Just as vital, if not more so, are their connections to and relationships with the local and regional community. Fishing families maintain a strong social network integrated into the overall Santa Barbara community. Voss said CFSB represents local fishermen through presentations at schools and participation in public events like the annual Santa Barbara Harbor and seafood Festival, the city's signature autumn event. Coinciding with the lobster season opening, the festival involves a collaborative effort by the city, CFSB, Santa Barbara Harbor Merchants Association, and the Santa Barbara Maritime Museum. Such efforts, along with their "consistent economic performance," have helped commercial fishers maintain an alliance with the city that gives them access to critical services – ice, fuel, parking, slips and piers, offloading equipment, and boatyard and haul-out facility – all within a working waterfront next to a well-dredged harbor.
Fishermen say forging and strengthening those local ties is a key aspect of their socioeconomic future, especially in a city of 91,000 folks (metro region population of nearly 400,000) awash in potential marketing opportunities.
Diversity Through Local Markets
"Local fishermen serve a wide array of market types that include farmer's markets, local retailers, specialty suppliers in Los Angeles and San Francisco, and markets throughout the US and Asia," the impact report noted. "Diversity in markets reduces reliance on any single, localized economic climate, shift in consumer preference, currency or trade policy, and is characteristic of a sustainable industry."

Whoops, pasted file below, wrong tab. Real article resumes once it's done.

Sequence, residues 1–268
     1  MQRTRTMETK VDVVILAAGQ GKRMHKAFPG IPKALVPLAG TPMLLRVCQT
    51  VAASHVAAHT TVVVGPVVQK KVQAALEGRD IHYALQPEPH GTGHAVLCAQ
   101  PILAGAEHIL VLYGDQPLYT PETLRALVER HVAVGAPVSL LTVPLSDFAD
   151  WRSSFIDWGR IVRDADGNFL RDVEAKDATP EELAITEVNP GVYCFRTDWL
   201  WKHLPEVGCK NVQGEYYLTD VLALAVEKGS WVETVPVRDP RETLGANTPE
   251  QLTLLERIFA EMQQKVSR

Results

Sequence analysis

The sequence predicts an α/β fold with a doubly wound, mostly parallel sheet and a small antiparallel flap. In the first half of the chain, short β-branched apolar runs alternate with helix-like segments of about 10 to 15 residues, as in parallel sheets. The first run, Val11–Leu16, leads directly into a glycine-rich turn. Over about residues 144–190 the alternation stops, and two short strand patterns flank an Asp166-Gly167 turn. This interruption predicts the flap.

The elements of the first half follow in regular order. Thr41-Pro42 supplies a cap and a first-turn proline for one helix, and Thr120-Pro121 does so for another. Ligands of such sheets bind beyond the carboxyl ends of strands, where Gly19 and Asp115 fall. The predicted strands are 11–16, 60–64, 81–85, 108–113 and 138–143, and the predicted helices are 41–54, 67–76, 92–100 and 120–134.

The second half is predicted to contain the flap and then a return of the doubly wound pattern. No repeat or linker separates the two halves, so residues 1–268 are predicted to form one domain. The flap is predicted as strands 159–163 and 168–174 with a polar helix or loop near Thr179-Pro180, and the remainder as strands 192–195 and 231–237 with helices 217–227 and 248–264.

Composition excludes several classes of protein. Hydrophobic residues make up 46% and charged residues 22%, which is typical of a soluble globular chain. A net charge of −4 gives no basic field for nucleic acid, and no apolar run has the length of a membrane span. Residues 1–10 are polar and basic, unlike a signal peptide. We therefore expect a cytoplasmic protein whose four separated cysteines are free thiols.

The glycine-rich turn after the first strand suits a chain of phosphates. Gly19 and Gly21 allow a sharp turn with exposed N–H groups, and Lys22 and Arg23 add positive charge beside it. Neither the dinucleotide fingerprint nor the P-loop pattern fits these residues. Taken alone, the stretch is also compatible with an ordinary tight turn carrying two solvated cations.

Still, Voss said "not enough of the fish caught locally is consumed locally," so fishermen hoped to "raise awareness of what we catch, in what quantity, and at what time of year" with the economic report.
commercial fishing navigates at the leading edge of tourism in places like Morro Bay and Santa Barbara, where fishermen can create local demand and boost tourism by trumpeting the availability of fresh local seafood.
The Santa Barbara Fishermen's Market on the waterfront is a weekly direct outlet for commercial fishermen, and marketing programs such as Community seafood and a University of California -Santa Barbara (UCSB) spinoff called Salty Girl seafood, Inc. are making needed connections among fishermen, consumers and restaurants.